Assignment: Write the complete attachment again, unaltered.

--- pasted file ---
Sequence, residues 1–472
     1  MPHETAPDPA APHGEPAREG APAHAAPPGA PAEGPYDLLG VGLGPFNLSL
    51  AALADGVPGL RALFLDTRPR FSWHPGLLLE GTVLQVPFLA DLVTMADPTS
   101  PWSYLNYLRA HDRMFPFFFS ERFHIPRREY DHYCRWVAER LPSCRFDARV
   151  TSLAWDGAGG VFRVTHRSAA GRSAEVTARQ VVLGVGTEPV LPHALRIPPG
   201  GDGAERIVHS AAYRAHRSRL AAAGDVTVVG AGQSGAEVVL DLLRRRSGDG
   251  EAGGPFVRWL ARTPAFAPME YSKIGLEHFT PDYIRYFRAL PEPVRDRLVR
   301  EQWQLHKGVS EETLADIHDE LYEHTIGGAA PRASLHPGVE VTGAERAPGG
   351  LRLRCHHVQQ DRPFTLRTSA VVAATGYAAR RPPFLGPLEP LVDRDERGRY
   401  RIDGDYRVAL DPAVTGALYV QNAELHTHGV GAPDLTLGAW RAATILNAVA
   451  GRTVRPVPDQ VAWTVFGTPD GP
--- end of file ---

Sequence, residues 1–472
     1  MPHETAPDPA APHGEPAREG APAHAAPPGA PAEGPYDLLG VGLGPFNLSL
    51  AALADGVPGL RALFLDTRPR FSWHPGLLLE GTVLQVPFLA DLVTMADPTS
   101  PWSYLNYLRA HDRMFPFFFS ERFHIPRREY DHYCRWVAER LPSCRFDARV
   151  TSLAWDGAGG VFRVTHRSAA GRSAEVTARQ VVLGVGTEPV LPHALRIPPG
   201  GDGAERIVHS AAYRAHRSRL AAAGDVTVVG AGQSGAEVVL DLLRRRSGDG
   251  EAGGPFVRWL ARTPAFAPME YSKIGLEHFT PDYIRYFRAL PEPVRDRLVR
   301  EQWQLHKGVS EETLADIHDE LYEHTIGGAA PRASLHPGVE VTGAERAPGG
   351  LRLRCHHVQQ DRPFTLRTSA VVAATGYAAR RPPFLGPLEP LVDRDERGRY
   401  RIDGDYRVAL DPAVTGALYV QNAELHTHGV GAPDLTLGAW RAATILNAVA
   451  GRTVRPVPDQ VAWTVFGTPD GP